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Hajime Tsuda


Born in 1985, Hajime Tsuda spent his childhood in Hong Kong and Singapore. While studying at Keio University, he became involved in video and event productions. After starting his career at an event production company, he established his own company CHAMELEONS INC in 2015. As an event creator, he directed and produced many fashion collections and reception parties for prominent fashion brands including Chloe, Nike, Bobbi Brown, and Ugg. He’s been directing one of the biggest Japanese fashion events “GirlsAward” since 2010, and also worked on spatial production and art direction of “Beautycon Tokyo” in 2019.
His directorial feature film debut DAUGHTERS was praised by critics for its beautiful, innovative visuals, thanks to his experience in fashion event productions. It was selected at film festivals around the world, including the 23rd Shanghai International Film Festival where the film won Asian New Talent Award. The film was theatrically released in Japan in 2020.


Daughters (2020)

Find them on social media

Instagram @hajimetsuda

10+5 Questions for Hajime Tsuda

1. What is the first film in your memory?
“Dreams” by Akira Kurosawa. My father was watching it at home, and I still remember its compelling visual to this day.
The first film I saw in a theater was Disney’s “Lion King.”

2. What are some of your favorite films?
“2001: A Space Odyssey” by Stanley Kubrick
“Happy Together” by Wong Kar-wai
“There Will Be Blood” by Paul Thomas Anderson
“Floating Weeds” by Yasujirō Ozu
“Amélie” by Jean-Pierre Jeunet
“8 1/2” by Federico Fellini
“Kiki’s Delivery Service” by Hayao Miyazaki

3. Which creators have you been inspired by or influenced by?
Stanley Kubrick, Wong Kar-wai, Akira Kurosawa, Yasujirō Ozu, Shunji Iwai, Hayao Miyazaki, Sofia Coppola, Jun’ichirō Tanizaki, Michel Gondry, etc.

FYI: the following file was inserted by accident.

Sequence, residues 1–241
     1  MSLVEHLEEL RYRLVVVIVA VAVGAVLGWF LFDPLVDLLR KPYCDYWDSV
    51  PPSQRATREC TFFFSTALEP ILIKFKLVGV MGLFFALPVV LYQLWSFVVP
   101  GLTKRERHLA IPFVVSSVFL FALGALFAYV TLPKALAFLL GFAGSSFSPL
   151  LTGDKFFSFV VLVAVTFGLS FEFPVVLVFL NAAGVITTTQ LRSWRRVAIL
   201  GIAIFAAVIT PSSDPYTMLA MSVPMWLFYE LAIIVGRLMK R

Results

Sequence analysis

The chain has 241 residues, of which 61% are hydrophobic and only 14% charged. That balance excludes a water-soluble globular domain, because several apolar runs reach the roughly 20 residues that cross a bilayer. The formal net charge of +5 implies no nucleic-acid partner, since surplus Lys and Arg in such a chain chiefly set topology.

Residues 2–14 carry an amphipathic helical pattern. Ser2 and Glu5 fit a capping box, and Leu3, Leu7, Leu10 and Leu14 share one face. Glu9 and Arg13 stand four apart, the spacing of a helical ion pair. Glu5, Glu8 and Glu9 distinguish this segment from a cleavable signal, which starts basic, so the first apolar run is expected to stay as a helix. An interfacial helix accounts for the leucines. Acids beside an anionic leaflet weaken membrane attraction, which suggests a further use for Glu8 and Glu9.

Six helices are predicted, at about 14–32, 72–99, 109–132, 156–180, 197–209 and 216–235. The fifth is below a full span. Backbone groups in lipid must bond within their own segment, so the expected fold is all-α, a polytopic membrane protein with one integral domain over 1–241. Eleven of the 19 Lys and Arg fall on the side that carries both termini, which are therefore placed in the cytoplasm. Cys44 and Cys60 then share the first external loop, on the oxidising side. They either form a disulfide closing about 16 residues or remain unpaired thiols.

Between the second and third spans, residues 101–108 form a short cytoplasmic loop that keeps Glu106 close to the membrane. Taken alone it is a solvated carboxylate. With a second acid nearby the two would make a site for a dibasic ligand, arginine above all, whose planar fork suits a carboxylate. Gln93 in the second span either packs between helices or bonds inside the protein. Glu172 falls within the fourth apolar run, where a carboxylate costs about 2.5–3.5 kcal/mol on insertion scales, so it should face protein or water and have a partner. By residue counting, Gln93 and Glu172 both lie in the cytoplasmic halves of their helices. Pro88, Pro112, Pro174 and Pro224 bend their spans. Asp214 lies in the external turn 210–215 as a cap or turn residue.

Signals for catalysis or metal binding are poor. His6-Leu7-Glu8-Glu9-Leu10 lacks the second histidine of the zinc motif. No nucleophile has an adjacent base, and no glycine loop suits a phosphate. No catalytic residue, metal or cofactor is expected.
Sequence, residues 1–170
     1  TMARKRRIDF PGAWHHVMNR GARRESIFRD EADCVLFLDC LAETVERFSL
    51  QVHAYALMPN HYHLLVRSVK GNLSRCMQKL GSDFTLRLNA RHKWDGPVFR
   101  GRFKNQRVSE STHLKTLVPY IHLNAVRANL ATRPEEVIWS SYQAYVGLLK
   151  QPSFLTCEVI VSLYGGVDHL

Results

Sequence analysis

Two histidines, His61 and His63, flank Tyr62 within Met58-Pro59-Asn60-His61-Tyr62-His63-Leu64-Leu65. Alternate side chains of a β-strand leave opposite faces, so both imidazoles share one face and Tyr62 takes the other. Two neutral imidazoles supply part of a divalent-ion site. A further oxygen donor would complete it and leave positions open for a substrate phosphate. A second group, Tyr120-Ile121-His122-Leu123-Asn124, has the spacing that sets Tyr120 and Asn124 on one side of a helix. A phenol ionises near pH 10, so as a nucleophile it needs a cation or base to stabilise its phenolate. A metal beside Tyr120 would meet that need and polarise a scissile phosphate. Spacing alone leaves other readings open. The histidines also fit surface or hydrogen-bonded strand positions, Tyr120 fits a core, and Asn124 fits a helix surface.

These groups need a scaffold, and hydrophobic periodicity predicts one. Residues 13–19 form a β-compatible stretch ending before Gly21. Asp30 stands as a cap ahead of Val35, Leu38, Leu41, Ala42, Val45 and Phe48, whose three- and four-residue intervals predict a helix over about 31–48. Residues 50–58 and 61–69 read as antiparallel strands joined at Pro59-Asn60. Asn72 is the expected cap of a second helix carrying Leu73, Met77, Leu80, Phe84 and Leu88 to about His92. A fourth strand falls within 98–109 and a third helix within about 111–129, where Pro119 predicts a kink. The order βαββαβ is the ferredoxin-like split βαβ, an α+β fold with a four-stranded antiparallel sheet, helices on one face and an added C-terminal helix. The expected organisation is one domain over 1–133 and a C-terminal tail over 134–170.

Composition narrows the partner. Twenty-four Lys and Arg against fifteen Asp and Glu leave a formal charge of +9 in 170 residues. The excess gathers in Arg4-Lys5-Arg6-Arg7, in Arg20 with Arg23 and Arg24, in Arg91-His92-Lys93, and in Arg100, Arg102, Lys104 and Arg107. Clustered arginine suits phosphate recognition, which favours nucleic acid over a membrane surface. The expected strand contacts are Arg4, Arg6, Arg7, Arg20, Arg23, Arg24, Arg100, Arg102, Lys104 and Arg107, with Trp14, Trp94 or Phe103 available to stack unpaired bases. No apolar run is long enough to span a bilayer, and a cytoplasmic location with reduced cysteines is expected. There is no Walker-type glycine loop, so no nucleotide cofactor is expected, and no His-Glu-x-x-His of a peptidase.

4. What are the films that shook your world or changed your life?
“Amélie” by Jean-Pierre Jeunet
“Swallowtail Butterfly” by Shunji Iwai

5. Are there any Japanese directors of your generation you are inspired by?
I can’t think of anyone in particular…

6. What does filmmaking mean to you?
A challenge to my aspiration, a challenge to craftsmanship (or composite art).

7. What are you interested in outside of films and filmmaking?
Spatial production, event production. (I come from that background.)

8. Where’s your happy place?
My bed. I like sleeping.

9. What are the customs or phenomena that are unique to Japan that you want other people to know?
This is not limited to Japan, but I have a growing interest in each country’s culture and tradition surrounding death such as Obon and graves.

10. Where would you be in 10 years?
I hope I will have a couple more films I really want to make under my belt.


1. What is your favorite moment in the film? (no spoilers)
I like the scene from May where the two protagonists have lunch together.

2. Why did you decide to write/make this film?
In my 20s, I was sharing a room with a friend in a downtown area and living a life that really had no clear line between work and play. I made a big transition from that to having a baby with my partner and becoming a father. That lifestyle change inspired me to write this story.
Turning points in life vary from one person to another, but for me, having a child or blood-related offspring was an event big enough to change not only my lifestyle, but also the way I perceived my life and the value of everything in it. I have become much more conscious of “blood ties” and started looking at my parents and ancestors in a different light.